There are two key skills to develop during the Adaptation stage to help you get through it in the most helpful way possible: stamina and patience.


It’s important to understand that your stamina is going to be tested during the Adaptation stage, which is why you need to be building it as much as possible by focussing on two core aspects: structure and practice.

Structure supports strength and with little or no structure to your day, chances are you will start to feel the impact of the Adaptation stage on your health – whether that’s your physical, mental or social health.

To help you design a daily structure to provide you with meaning and strength, I recently offered some practical advice in this Facebook post on The Helpful Clinic page

In the Facebook post I highlight the importance of paying attention to stressors and trying to avoid stressful situations as much as possible. There’s also a focus on how segmenting your day can really help, plus the importance of exercise and a varied, healthy diet. If you find it helpful, please consider liking our page so that you will see more of our updates going forward.

As with most things in life, when it comes to building strength and stamina, practice makes perfect. You don’t learn to swim by watching a documentary, you get in a pool and practice (safely).  By sticking to your daily structure you are practising your strength building activities. It’s all about marginal gains (more about marginal gains in this blog) and ensuring you stick to your regime as much as possible (and when helpful). At the end of the day, it’s perseverance and determination that make the difference, which is why sticking to your structure and practising helps to build your stamina.


Two of the biggest psychological challenges that we have as humans are feeling trapped and uncertainty (as discussed in our previous blog post here). With Covid19, we’ve got both going on and so as you’re adjusting to the Adaptation stage you may notice that you may be prone to feeling more impatient and frustrated at times as well as feeling powerless and that this is never going to end.

The Adaptation stage is a masterclass in practising patience and now when it’s happening on a global scale that’s further enhanced. Being kind to both yourself and anyone who may be around you can go a long way. Even talking about it as a shared experience can alleviate some of the intensity of the frustration, despite the fact the external reality hasn’t changed in terms of the lockdown.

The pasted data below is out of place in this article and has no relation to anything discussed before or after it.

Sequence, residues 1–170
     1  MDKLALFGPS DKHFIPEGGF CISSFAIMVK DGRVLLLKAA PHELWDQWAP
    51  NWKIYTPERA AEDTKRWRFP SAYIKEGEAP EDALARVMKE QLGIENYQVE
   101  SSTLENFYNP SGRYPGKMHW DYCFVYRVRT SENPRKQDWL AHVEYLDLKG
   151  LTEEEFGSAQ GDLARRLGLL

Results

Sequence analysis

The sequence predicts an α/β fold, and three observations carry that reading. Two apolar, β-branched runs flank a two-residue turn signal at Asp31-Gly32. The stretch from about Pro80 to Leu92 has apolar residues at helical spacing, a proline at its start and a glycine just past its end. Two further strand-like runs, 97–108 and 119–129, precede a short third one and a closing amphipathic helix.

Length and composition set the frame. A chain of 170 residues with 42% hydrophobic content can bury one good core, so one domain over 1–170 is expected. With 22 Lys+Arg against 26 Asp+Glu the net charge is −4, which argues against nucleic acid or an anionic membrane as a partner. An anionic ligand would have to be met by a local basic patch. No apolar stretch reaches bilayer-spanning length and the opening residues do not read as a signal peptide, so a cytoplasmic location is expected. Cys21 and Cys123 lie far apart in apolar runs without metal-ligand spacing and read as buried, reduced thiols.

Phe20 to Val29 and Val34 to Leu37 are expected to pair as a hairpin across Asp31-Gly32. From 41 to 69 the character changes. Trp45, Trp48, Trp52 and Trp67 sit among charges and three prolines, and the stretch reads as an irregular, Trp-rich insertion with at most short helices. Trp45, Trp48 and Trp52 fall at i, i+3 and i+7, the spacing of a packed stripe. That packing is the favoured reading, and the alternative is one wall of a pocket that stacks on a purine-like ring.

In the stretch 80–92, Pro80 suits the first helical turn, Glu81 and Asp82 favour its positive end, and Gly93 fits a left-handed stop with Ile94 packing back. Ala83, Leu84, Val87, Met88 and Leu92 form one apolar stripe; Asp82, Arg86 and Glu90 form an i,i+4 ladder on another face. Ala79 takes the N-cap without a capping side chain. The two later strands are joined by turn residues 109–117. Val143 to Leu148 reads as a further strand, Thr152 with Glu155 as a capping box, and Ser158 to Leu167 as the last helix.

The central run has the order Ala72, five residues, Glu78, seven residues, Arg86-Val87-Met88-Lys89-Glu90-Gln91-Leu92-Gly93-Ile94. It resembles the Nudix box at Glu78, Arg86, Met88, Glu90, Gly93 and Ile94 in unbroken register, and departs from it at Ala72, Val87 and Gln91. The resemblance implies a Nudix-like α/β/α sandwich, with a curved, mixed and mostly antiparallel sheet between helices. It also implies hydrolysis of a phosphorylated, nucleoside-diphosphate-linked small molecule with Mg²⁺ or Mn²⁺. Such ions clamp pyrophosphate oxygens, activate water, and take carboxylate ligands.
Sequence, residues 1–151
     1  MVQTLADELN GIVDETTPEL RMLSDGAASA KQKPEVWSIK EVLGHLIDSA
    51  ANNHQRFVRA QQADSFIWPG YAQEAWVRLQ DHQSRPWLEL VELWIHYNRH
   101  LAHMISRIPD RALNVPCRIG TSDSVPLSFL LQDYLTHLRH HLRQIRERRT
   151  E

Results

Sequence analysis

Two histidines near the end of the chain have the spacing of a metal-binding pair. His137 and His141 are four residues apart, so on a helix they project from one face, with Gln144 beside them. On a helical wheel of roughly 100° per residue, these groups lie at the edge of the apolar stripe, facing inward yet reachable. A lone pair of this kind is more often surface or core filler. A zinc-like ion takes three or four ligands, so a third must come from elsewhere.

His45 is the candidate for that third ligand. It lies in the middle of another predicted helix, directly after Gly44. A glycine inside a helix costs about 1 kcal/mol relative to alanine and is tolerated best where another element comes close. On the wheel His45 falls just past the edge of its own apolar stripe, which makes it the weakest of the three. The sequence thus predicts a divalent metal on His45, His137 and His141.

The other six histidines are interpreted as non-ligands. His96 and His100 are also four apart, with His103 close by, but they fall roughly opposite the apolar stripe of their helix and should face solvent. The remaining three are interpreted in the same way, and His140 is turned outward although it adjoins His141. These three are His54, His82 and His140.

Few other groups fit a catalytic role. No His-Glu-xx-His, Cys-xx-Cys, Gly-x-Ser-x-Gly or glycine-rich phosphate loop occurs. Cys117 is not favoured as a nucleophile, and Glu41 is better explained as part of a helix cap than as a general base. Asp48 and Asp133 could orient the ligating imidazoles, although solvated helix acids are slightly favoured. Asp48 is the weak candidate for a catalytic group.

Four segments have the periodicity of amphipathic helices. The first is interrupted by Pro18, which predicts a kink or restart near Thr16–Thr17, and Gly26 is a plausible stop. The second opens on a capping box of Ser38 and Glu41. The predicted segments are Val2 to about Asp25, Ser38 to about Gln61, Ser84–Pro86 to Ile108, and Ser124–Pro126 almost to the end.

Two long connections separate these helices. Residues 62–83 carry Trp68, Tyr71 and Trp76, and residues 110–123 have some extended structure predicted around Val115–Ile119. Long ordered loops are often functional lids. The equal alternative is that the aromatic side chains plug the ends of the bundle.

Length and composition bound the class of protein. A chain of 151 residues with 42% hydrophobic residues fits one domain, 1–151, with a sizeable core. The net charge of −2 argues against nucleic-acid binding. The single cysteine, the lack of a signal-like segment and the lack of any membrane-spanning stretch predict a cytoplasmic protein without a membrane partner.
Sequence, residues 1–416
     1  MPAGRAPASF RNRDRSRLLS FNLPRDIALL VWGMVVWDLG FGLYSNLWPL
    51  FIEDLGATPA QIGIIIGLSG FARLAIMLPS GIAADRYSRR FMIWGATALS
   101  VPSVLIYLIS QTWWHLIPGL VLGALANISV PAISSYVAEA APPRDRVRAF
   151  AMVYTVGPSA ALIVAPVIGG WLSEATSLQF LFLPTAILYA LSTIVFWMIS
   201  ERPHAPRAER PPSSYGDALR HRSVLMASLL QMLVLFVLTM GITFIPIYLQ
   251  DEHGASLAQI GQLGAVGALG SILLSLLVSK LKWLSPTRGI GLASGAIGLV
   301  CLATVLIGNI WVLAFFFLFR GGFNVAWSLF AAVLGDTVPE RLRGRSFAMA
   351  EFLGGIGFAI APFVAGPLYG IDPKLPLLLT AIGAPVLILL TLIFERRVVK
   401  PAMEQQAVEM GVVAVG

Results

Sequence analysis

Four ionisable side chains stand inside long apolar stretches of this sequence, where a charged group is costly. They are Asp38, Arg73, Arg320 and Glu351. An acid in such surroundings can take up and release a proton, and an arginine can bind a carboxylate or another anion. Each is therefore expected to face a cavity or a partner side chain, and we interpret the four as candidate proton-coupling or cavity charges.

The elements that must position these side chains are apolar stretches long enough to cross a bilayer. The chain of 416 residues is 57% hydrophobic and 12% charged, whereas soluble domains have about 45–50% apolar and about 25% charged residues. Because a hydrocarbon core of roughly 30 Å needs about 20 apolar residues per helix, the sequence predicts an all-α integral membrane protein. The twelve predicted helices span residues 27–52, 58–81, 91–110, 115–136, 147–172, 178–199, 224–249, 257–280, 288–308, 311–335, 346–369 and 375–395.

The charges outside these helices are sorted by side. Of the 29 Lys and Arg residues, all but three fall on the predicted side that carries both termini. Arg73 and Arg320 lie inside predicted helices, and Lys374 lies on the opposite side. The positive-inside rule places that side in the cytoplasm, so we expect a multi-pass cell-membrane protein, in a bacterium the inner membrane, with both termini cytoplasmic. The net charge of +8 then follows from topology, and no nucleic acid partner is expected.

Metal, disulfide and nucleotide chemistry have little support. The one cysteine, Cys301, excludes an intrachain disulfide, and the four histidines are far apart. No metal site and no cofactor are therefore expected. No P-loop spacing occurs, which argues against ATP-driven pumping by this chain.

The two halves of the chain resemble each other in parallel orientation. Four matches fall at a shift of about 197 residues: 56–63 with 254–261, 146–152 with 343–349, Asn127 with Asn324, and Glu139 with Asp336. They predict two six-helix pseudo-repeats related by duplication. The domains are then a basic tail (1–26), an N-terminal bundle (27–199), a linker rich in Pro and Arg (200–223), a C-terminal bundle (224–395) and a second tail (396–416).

A key component to developing patience is becoming more skilled at responding to feelings like frustration, impatience and feeling helpless which are some of common feelings associated with the Adaptation stage. 

To help with your practice, consider checking out the 10-day First Aid for Feelings course I developed, which is available on the Insight Timer app. While it’s not COVID-19 specific, it’s about learning how to apply your own First Aid to your feelings and thus develop skills like patience. You can listen to the course intro here

If it seems like something you’d like to take advantage of, you can do so in a couple of ways:

1. All courses access

This is for users who wish to purchase an Insight Timer subscription and access all courses

2. First Aid for Feelings Course Only

This is for listeners who wish to purchase the course for individual sale ($20) via the website. Day 1 is free so listeners will need to Start Day 2 before being prompted to purchase. Note: the course can be listened to on the web or app after purchase.

Over to you…

My invitation to you now is to have a think about the gains / benefits of having more stamina and being more patient. How could it benefit you in other areas of your life, such as relationships, work, or anything for that matter? By learning and practising to become more patient, you will be able to better accept or tolerate delay, difficulty, or annoyance without getting angry or upset – something that will have a positive impact for you on a daily basis. By strengthening your stamina you’ll be more able to see things through, take on the challenges that will enable you to achieve what’s important to you and trust that you can hold steady, even in stormy weather.

If this resonates with you make the commitment to yourself to see the Adaptation stage as your masterclass with structure and practice to increase your stamina and patience. Hey, you can even make the Rocky song Gonna Fly Now your theme tune as you show up each day, making it count.

When we move towards the end of the Adaptation stage, we’ll be looking at the third and final phase of what’s going on: the Reintegration stage. Be sure to ‘like’ our Facebook page so you get alerted when that blog is published.


If you’d like some help with or want to discuss anything raised in this blog post, please do reach out. Book a chat with me and let’s explore how I can help you through 1:2:1 consultations.

Until next time, go gently with yourself and hold steady.

All the best, Thor

Head up – Heart open – Hands clean